By Aaron Earls
It’s fall in Tallahassee, Florida. The excitement is as high as the leftover summer temperatures when thousands of people—mostly college students—cram into a building to be part of something huge. But this isn’t a typical Saturday night college football game for the Florida State Seminoles. This is a Sunday morning worship gathering for City Church.
Located seven minutes from FSU’s football stadium, City Church has a congregation of more than 70 percent millennials (the generation born from the early 1980s to the early 2000s), says pastor Dean Inserra, a millennial himself. More specifically, a majority of the Sunday morning attendance is college students. How is City Church drawing these young adults? By being honest, says Inserra.
“Millennials are looking for honesty and humility from the pulpit,” he says. “Honesty about what the Bible actually says and honesty about the pastor not being an expert on living out the things he is preaching about, but a work in progress, by the grace of God, like everyone else.”
Planted in 2007 by Inserra in his parents’ house, City Church has grown from 24 people to 5,500 this past Easter. City Church hasn’t sought to entertain young adults with a spectacle. And it hasn’t abandoned historic Christian teachings to better fit with cultural norms. Instead, Inserra has focused on a relational, authentic ministry with strong biblical teaching, which led to City Church’s explosive growth.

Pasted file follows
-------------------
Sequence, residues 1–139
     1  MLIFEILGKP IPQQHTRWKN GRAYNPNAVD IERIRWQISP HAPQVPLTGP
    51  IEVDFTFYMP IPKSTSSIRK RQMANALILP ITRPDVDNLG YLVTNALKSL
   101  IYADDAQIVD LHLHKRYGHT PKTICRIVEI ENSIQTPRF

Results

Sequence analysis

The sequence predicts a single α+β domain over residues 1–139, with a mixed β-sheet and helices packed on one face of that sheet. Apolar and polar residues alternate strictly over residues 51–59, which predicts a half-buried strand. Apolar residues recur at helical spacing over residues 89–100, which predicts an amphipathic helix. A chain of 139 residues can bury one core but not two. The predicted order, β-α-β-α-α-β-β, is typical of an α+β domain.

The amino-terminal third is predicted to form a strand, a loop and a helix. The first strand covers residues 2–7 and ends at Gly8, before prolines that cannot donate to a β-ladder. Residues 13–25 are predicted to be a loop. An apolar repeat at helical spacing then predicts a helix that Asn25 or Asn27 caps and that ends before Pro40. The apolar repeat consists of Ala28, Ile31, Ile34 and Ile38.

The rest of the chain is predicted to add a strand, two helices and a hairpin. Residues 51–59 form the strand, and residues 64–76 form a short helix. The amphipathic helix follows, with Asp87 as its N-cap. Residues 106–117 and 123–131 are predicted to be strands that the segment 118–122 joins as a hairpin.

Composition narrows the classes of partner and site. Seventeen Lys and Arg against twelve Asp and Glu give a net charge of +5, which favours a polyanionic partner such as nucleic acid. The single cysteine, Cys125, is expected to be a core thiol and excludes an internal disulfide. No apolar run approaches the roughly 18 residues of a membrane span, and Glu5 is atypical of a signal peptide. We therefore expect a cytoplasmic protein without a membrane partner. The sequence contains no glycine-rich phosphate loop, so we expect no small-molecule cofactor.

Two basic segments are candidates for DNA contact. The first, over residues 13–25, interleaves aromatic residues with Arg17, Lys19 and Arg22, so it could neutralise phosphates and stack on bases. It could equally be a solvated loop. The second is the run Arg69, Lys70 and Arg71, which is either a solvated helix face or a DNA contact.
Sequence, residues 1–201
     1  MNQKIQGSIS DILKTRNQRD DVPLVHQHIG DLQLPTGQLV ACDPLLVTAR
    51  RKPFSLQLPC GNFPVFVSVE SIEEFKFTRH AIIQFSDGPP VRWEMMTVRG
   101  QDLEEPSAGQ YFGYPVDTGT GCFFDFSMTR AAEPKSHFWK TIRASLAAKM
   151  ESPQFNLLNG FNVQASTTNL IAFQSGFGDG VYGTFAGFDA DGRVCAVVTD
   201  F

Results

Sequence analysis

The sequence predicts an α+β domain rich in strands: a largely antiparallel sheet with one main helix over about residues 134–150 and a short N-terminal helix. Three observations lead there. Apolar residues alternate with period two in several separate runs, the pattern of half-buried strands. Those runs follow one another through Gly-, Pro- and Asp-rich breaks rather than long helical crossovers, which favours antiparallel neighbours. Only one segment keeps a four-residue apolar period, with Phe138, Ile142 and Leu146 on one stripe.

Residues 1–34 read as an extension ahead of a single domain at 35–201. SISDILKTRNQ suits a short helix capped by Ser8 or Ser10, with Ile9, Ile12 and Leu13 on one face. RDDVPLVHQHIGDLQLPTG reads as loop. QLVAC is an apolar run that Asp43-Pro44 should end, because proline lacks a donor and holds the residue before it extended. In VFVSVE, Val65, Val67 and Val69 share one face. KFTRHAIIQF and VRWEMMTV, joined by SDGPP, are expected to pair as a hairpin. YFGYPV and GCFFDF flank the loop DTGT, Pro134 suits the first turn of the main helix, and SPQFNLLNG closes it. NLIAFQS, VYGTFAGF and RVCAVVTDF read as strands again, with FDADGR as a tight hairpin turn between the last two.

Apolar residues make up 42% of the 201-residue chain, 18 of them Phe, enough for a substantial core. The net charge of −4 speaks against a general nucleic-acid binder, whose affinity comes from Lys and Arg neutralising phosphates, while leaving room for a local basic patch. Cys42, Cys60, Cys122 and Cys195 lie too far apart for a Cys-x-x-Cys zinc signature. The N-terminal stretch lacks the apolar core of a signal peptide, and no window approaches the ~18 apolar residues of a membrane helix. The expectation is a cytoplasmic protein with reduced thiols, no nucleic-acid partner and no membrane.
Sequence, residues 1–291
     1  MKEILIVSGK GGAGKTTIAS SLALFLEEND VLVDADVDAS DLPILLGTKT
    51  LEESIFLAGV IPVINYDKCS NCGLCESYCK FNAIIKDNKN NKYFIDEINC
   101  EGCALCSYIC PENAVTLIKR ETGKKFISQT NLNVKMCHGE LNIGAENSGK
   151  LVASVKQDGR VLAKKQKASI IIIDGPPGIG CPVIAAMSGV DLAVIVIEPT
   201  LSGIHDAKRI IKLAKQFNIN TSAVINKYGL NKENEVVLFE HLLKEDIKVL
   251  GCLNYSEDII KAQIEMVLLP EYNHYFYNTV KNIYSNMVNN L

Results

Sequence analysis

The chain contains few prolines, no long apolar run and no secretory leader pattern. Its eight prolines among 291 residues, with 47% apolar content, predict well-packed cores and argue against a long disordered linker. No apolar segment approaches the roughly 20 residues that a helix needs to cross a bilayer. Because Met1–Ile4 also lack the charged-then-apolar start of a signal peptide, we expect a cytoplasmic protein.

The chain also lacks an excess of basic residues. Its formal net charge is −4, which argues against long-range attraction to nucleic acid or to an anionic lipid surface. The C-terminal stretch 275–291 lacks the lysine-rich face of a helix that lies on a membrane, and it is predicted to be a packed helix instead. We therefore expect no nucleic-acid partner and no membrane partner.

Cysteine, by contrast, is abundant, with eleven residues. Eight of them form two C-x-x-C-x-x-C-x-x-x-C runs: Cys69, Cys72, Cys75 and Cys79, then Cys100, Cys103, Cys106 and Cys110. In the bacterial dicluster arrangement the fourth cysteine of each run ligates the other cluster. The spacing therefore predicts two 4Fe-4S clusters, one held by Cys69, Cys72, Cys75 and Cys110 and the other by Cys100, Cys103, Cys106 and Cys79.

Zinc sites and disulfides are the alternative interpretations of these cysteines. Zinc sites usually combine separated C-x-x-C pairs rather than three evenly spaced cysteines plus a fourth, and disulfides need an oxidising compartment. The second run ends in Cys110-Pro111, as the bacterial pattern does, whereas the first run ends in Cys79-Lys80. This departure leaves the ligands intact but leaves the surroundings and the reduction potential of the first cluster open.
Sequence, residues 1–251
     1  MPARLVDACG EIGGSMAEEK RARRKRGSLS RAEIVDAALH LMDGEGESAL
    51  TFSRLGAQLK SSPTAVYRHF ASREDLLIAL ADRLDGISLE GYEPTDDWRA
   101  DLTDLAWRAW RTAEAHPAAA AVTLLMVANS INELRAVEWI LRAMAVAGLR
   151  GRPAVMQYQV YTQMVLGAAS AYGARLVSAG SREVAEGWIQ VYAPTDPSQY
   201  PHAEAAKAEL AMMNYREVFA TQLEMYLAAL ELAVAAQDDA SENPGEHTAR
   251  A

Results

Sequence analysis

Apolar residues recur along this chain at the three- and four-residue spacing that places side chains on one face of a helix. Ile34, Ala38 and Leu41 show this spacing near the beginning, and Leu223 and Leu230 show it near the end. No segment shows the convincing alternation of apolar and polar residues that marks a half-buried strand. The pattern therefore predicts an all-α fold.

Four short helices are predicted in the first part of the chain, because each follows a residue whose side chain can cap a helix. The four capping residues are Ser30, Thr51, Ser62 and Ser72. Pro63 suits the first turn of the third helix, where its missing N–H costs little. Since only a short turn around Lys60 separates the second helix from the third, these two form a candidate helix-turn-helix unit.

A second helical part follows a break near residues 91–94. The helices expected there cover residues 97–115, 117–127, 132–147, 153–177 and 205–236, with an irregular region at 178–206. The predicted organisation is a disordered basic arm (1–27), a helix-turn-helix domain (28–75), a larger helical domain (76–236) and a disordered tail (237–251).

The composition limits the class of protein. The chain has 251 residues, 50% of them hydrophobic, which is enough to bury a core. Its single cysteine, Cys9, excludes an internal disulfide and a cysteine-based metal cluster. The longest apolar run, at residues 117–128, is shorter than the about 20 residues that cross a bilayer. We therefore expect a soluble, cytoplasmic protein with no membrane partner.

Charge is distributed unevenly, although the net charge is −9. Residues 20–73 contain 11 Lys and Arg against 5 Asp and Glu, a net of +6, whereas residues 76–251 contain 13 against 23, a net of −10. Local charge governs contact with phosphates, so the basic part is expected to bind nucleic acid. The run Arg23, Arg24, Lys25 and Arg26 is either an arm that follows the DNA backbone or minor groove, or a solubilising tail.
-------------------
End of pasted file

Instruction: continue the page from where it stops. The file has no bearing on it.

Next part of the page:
The history of City Church points to a frequently hidden reality: Despite what many claim, millennials aren’t leaving evangelical churches in droves. Neither are they significantly more liberal in their theology than previous generations. This is not just anecdotal evidence—it’s the statistical truth. This is the real story on millennials and the church.
The truth about millennial evangelicals
When Pew Research released its most recent report on the religious landscape in America, much of the attention focused on Christianity’s drop of almost 8 percentage points in population share over the last seven years. Few paid attention to the relatively stable numbers of evangelicals, which declined less than 1 percentage point. Even fewer noticed the percentage of evangelicals who are millennials, which remained the same at 21 percent from 2007 to 2014.
According to the General Social Survey, more evangelical young adults are attending church than at any time in the last 40 years. Almost half of all evangelical young adults are at church every week.
This doesn’t surprise Trip Lee, a rap artist and church planter in the Atlanta area.
“I’ve traveled the country and the world doing music and teaching and meeting a lot of millennials,” he says. “I meet young people all the time who are hungry for the truth of God.”
If young adults want to be entertained, they’ll go to a concert, the millennial musician says. “But if what they want is actual truth from God, they want to go to churches like that,” he says.
Brad Jones, who works with Louie Giglio’s Passion Conferences, knows how hungry millennials can be to experience Jesus and gather with others to worship Him. The Passion Conferences regularly attract tens of thousands of college students.